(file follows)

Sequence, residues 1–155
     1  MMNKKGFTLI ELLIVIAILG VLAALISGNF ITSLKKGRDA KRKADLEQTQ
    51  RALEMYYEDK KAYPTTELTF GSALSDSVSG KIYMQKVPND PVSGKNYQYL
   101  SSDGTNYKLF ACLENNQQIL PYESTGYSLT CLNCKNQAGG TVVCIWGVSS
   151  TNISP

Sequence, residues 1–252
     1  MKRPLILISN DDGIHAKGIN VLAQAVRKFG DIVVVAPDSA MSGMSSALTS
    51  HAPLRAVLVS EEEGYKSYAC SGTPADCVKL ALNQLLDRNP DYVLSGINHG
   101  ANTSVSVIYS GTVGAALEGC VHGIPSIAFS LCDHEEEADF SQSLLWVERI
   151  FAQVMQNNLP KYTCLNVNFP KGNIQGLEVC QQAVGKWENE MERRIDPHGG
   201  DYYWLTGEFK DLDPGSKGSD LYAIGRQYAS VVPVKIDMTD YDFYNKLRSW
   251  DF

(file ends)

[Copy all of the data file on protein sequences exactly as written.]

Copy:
Sequence, residues 1–155
     1  MMNKKGFTLI ELLIVIAILG VLAALISGNF ITSLKKGRDA KRKADLEQTQ
    51  RALEMYYEDK KAYPTTELTF GSALSDSVSG KIYMQKVPND PVSGKNYQYL
   101  SSDGTNYKLF ACLENNQQIL PYESTGYSLT CLNCKNQAGG TVVCIWGVSS
   151  TNISP

Sequence, residues 1–252
     1  MKRPLILISN DDGIHAKGIN VLAQAVRKFG DIVVVAPDSA MSGMSSALTS
    51  HAPLRAVLVS EEEGYKSYAC SGTPADCVKL ALNQLLDRNP DYVLSGINHG
   101  ANTSVSVIYS GTVGAALEGC VHGIPSIAFS LCDHEEEADF SQSLLWVERI
   151  FAQVMQNNLP KYTCLNVNFP KGNIQGLEVC QQAVGKWENE MERRIDPHGG
   201  DYYWLTGEFK DLDPGSKGSD LYAIGRQYAS VVPVKIDMTD YDFYNKLRSW
   251  DF